Codemasters Colin McRae: DiRT
- Fantastic dirt-churning graphics, good handling simulation, adequate variety of race types, cars, and surfaces.
- Hopelessly inadequate multiplayer options, some irritating boundary reset issues, big rigs don't feel right.
Colin McRae DIRT is much more than the customary quickie paint job that other racing games churn out. Instead, it reinvents the wheel for off-road racing, offering the best, most complex and thoroughly enjoyable game we've played in ages.
Price$ 109.95 (AUD)
Remember when you were a little kid how strangely fulfilling it was to get so dirty your mom thought you'd never scrub all that grime off? DiRT revels in coating itself with layers of earthy muck almost as much, albeit in a much bigger sandbox. Making Mud Pies
DiRT is the first Xbox 360 racer to arrive with truly next-generation graphics. Mud and rainwater spray off all four tires onto the detailed curves of each vehicle's bodywork, slowly covering the paint job and sponsor decals of each purchasable skin with a blanket of convincing filth. The pesky jaggies that mar other top tier racers are hard to find, and the soft vehicle shadows manage to avoid the nasty stair-stepping artifacts that have thus far seemed the console's curse. DiRT even sports one of the coolest menu interfaces yet seen. Light bloom often seems a touch exaggerated, and some of the textures offer more blur than grit, but there's no denying that the game looks great.
The audio work doesn't reach the lofty standard set by last generation's aurally stellar ToCA Race Driver 3, but the engine sounds are convincing enough, and the suspension bumps, metal-on-metal grinds, and gut-wrenching car-totaling crash crunches make you feel like you're in the cockpit even if you choose a 3rd-person view that hovers a safe distance behind your ride.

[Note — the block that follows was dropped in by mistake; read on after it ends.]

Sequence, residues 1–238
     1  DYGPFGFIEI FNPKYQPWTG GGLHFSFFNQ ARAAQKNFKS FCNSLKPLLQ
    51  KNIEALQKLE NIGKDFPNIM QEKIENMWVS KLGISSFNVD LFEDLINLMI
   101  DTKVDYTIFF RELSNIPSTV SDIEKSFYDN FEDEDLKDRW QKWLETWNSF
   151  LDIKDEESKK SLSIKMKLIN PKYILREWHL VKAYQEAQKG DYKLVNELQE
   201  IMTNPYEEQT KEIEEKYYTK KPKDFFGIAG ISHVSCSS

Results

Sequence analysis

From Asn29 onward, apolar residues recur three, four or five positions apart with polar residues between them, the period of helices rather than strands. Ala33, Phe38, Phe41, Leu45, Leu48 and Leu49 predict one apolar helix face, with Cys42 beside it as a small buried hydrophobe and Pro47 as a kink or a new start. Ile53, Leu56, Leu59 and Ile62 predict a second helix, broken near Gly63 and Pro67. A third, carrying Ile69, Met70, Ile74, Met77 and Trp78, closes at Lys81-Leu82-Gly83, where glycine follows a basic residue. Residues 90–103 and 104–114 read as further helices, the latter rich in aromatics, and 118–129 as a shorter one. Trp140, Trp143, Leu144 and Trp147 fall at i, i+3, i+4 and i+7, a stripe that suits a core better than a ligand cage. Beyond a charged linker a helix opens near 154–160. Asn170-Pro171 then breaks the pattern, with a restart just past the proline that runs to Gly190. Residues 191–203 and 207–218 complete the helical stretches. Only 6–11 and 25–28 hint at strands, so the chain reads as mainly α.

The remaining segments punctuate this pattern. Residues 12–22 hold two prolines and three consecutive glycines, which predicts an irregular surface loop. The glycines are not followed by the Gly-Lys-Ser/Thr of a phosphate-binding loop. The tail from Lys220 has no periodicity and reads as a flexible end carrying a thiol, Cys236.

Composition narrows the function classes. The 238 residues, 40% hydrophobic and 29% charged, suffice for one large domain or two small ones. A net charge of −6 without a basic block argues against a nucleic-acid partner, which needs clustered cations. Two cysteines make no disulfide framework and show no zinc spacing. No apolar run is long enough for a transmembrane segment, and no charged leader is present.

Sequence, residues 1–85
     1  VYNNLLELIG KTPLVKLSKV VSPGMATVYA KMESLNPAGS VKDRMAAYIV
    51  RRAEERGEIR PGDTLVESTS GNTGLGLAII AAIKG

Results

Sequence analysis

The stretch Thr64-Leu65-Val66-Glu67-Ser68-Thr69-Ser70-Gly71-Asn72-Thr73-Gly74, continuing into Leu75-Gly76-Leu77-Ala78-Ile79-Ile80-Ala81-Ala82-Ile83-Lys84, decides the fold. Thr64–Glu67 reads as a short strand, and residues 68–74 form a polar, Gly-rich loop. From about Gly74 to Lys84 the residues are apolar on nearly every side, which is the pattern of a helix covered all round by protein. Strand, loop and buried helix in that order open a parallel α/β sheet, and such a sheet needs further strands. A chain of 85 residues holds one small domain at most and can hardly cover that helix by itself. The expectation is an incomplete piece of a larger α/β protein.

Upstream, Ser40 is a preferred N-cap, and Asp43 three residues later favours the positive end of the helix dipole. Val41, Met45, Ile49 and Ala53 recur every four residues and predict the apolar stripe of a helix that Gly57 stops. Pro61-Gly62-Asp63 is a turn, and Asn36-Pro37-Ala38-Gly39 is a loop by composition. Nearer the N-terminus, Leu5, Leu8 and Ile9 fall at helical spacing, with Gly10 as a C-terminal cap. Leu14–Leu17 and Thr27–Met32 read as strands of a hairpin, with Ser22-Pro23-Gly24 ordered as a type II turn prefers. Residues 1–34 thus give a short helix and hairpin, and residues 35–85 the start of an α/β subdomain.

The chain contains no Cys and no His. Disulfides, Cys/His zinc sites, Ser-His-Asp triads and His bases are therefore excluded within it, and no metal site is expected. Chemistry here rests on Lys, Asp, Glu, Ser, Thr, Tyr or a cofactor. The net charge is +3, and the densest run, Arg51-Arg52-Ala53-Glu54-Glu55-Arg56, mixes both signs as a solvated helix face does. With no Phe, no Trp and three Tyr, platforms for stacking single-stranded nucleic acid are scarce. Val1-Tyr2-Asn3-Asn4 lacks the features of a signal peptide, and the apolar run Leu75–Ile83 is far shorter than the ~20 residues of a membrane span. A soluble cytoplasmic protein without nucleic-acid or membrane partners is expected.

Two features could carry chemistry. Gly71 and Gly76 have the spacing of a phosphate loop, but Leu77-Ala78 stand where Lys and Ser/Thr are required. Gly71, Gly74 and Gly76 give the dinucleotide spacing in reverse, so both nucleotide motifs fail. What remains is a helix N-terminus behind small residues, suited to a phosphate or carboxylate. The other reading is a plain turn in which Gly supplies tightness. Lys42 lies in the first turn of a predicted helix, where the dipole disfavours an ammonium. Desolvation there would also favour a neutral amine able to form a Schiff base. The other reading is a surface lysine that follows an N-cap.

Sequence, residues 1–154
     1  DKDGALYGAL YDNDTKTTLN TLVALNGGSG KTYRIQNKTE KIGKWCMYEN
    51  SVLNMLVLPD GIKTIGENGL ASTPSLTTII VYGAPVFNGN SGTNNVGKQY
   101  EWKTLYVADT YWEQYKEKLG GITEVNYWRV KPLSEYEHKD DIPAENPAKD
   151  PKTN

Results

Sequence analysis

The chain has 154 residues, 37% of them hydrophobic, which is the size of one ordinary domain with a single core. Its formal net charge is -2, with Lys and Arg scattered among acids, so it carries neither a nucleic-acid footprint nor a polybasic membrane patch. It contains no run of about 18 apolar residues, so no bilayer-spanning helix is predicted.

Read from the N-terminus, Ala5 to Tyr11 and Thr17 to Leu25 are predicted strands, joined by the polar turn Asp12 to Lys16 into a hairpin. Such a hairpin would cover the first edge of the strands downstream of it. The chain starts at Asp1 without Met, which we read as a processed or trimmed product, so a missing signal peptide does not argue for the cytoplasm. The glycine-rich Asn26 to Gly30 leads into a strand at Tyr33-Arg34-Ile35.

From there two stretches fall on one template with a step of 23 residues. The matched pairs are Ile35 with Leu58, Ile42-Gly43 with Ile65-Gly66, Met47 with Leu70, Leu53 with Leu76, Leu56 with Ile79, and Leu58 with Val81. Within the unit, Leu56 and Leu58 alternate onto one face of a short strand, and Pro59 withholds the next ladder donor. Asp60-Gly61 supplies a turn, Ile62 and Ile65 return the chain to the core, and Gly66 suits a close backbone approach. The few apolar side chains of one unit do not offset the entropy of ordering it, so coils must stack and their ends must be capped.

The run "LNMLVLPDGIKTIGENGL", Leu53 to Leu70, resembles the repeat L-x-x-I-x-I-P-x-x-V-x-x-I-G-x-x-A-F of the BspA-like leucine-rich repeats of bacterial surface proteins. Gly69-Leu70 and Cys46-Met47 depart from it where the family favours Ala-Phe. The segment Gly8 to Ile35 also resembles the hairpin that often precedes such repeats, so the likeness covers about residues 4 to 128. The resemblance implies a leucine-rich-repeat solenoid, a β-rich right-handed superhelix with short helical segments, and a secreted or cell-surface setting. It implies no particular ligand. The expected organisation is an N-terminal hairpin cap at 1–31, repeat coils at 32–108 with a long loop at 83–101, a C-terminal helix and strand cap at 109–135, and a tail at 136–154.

Thinning the Herd
Career mode is the meat in DiRT's off-road sandwich, delivering eleven progressively smaller tiers of challenging action, for a total of 66 events spread across six disciplines. Traditional rally races partner you with a co-driver who calls out upcoming turns and their severity, hill climbs put you on your own against hairpin curves, and crossover face-offs pit you against a single opponent on a track that forces your paths to cross at the midpoint.
These events are as technically demanding as they are addictive, despite the low head count, but it's when you add a full stable of rivals that DiRT really shines as contentious crowds jostle each other across alternating segments of dirt and tarmac. The frame rate might stutter a bit, but all those rumbling motors and desperate pilots add up to the title's high point.
Fast and Loose
The unlockable events, purchasable cars with tunable elements and five difficulty levels might make DiRT seem as approachable as any other racer, but the truth is that off-road isn't for everybody. Control freaks obsessed with shaving milliseconds off their best asphalt times may find the realistic but unpredictable chaos of more natural terrain maddening. Drivers will find the enveloping sense of teetering on the edge of being completely out of control either intoxicating or frustrating, though this is more a factor of personality than technical prowess.
Weighty big rigs feel a bit too floaty to be realistic, and the performance differences between the cars in each vehicle class seem thin, though pickups, rally sleds, and dune buggies all handle with persuasive punch. The high octane illusion is damaged by driving smoothly over what look like dried mud ridges, and being occasionally unceremoniously reset on the track because you cut a sharp turn by a couple of feet or went a few yards too far off the side of the track, but these issues are just uncommon enough to be tolerable.